Early next year, 350 or so Penn State students and staff, as well as local retirees and others, will wander around State College, Pa., for three weeks, pausing intermittently to drop their heads down as they tap on smart phones to answer detailed questions about how they feel immediately after nearly every social interaction they have.
As early as this season's playoffs, National Football League players will have to get the approval of an independent neurosurgeon or neurologist before they can return to play following a head injury or concussion.
The U.S. launched this week a historic program to advance clean energy in India—where simply moving the 40 percent of the South Asian nation's citizens who still burn coal, dung or wood to electricity could deliver major improvements for development, clean air and climate.
Walls to fall: 6 ideas at the intellectual frontier, from business models based on selflessness to glasses-free 3-D TV
BERLIN—November 9 marked the 20th anniversary of the fall of the Berlin wall, and to mark the occasion, the Einstein Foundation pulled together a host of leading researchers and thinkers to explore the intellectual and cultural walls that have fallen and those that remain to come down.
A video currently making the rounds on the Web ponders an intriguing astronomical scenario: What if Earth had rings, as Saturn does?
If the animation below, by YouTube user Roy Prol, is to be believed (and it seems to jibe with related imaginings, such as one in a NASA educator guide about Saturn [pdf]), rings would be a stunning addition to Earth's sky, day or night.
Researchers are now one step closer to being able to use skin tissue derived from stem cells for the treatment of burn victims, according to a study published November 21 in The Lancet .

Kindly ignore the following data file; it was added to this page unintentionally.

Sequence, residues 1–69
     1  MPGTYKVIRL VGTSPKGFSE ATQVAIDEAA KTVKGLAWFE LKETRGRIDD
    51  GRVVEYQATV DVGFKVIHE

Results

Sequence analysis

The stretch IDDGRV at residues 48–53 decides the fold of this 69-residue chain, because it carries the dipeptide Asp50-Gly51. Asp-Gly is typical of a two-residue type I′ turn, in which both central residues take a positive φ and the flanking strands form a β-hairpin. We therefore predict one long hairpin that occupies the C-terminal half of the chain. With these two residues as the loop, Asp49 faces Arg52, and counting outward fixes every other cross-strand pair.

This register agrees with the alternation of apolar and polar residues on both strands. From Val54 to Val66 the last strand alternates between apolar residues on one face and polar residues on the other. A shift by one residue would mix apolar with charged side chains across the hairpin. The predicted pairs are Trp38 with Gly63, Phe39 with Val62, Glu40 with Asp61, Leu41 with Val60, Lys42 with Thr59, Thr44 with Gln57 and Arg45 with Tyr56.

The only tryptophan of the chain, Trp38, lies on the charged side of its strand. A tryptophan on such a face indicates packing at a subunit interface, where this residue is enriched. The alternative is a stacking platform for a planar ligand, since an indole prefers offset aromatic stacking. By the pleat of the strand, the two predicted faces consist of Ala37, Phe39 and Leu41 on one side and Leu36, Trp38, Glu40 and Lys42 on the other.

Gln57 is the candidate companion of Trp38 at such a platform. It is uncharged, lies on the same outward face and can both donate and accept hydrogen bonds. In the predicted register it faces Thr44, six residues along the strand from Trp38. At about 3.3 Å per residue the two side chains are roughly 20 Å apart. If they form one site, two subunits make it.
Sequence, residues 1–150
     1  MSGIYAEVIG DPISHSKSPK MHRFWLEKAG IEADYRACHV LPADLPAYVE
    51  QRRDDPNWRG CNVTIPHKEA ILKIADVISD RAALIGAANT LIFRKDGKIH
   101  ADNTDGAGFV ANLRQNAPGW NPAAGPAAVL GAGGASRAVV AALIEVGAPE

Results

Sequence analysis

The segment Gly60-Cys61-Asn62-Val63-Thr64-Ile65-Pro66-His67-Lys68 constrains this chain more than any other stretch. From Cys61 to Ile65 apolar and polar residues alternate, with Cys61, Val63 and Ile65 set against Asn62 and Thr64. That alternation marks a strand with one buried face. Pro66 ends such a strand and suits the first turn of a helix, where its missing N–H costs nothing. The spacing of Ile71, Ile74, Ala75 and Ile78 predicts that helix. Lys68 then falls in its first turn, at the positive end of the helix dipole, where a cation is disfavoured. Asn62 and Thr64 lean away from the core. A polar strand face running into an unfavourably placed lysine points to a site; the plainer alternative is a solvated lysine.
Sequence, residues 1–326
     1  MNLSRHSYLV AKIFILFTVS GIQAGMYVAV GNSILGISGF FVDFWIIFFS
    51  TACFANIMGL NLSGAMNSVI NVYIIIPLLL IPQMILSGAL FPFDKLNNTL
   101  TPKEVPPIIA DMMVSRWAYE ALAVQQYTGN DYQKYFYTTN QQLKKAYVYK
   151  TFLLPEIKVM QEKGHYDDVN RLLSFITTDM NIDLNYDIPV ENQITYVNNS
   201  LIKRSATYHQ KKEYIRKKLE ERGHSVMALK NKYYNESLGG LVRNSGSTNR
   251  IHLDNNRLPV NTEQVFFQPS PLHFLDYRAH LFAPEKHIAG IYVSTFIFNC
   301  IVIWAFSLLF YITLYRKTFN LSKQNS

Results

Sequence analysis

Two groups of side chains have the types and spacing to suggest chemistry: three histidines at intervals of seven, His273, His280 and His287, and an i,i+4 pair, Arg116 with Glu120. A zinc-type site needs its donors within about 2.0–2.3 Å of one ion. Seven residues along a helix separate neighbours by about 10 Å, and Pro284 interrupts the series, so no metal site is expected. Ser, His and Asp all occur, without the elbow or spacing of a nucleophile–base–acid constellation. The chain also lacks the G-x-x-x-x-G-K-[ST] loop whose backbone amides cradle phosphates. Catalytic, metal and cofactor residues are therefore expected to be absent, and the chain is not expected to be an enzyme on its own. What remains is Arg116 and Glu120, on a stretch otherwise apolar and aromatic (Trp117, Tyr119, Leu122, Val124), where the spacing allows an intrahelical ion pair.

Naturalist Alfred Russel Wallace's collection unveiled for the 150th anniversary of Darwin's Origin of Species
Charles Darwin had been mulling over his observations of and theories about natural selection for years, but what finally prompted him to write On the Origin of Species by Means of Natural Selection (published November 24, 1859) was the arrival of a letter from fellow naturalist Alfred Russel Wallace (1823 to 1913) on the very same subject.
Was Sen. James Inhofe right when he declared 2009 the year of the climate contrarian? A slew of emails stolen from the University of East Anglia's Climatic Research Unit highlight definite character flaws among some climate scientists—including an embarrassing attempt to delete emails that discussed the most recent report from the United Nations Intergovernmental Panel on Climate Change—while also exposing what looks like a failure of scientists to acknowledge a halt to global warming in the past decade.
Consumer advertisements for at least one popular prescription drug have failed to stimulate increased sales among those on Medicaid, but the ads do seem to have upped the medicine's price tag, a new study claims, raising policy questions about the direct-to-consumer marketing approach.
Just days after the release of controversial new guidelines recommending against routine mammograms for most women under 50, a different group of medical professionals has announced that the frequency of Pap tests for cervical cancer detection should also be decreased for most women.
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